Frankly, having had some bad health run-ins with birds in the past, it was difficult to throw off feelings of foreboding. Had we been on the "poop deck" of a ship, rather than that of a restaurant, we would have been sheltered from sea-bird droppings. We followed that yellow brick road west to Shelburne and retraced it for the most part, having by-passed an intention to wade in the waters at nearby Lockeport. The #103 was overheated by the time we reached Liverpool, so we detoured  (blue-green loop) to the Lunenburg County coast as seen as we were in the bounds.

We always tour the oldest part of Liverpool when we pass that way. Facing Liverpool Harbour is the Fort Point Lighthouse, the third oldest  in Nova Scotia. It contains a lighthouse museum and is surrounded by a public park.In late June  each year, history comes alive in Liverpool during "Privateer Days" when over a long weekend reenact ors sometimes encamp at this location.

With a population of 2,635, Liverpool is somewhat larger than either Lunenburg or Shelburne. Liverpool's largest employer was once the Bowater Mersey Paper Company Limited, which operated a pulp mill and newsprint mill situated in nearby Brooklyn. That mill closed in June 2012 and the population has decreased since that time.

In 1996, Liverpool disincorporated as a town and merged with the Municipality of the County of Queens to form the Region of Queens Municipality.  Like Shelburne and Lunenburg, Liverpool has seen a shrinking property tax base, with properties tending to sell below assessment values. This building, formerly a colonial tavern, recently changed hands.

Until three years ago, this small place was channeling very good wages from the pulp and paper plant and so the general state of real properties is much better than that in Shelburne.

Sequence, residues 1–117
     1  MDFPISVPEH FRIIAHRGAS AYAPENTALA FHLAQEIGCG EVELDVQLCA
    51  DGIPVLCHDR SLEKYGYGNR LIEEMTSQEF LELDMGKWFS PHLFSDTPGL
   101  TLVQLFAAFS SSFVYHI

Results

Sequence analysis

Although a warm day, this street was shaded.

In spite of its seaside location on the Atlantic Ocean; Liverpool is somewhat land-locked and has a relatively mild humid continental climate typical of most of the province. Prevailing inland winds  result in large temperature differences between the warm summers averaging around 25 °C (77 °F) and generally cold winter night time temperatures approaching −10 °C (14 °F) on average.

The residential street leading from Fort Point merges with this old town business district, now largely the site of service rather than retail businesses. Modern franchises are all clustered on the far side of the Mersey River, accessed to the right of the stop sign. Small shops on this main drag fail with alarming regularity.

This former garage and service station building has been vacant for years.The paper company founded its own shipping line, the Markland Shipping Company based in Liverpool. World War II bolstered the economy when the town's shipyard, Thompson Bros. Machinery Co. Ltd.,  became a major refitter for the  Royal Canadian Navy . Commercial and recreational fishing play a role in the local economy but marine interests are no longer as pronounced.

Since it is the largest population centre in Queens County, there is a diverse business community consisting of large business franchises  all located north of the bridge at this four-cornered intersection.

With most supermarket plant nurseries closed for the season, there was a sell-off of soil. I waited in the she while Ruth purchased a few bags.

Here she goes to retrieve the vehicle so I can load the trunk. There are some big boys in our part of Nova Scotia.

We were now back in Lunenburg County and the air temperature was very high. For some odd reason Lunenburg and Mahone Bay close their standard liquor outlets on Sundays in all but the tourist months.  In that case this is where locals go who live back of beyond. The Bridgewater Liquor Store and the Rose Bay General Store are a 12-minute drive from home.

Why liquor franchises are sparse is a mystery.

Here a peek at Voglers Cove.

Fog, fog, moderating fog...

Areas which are peninsular suffer less from humid conditions and there is usually a stiff breeze.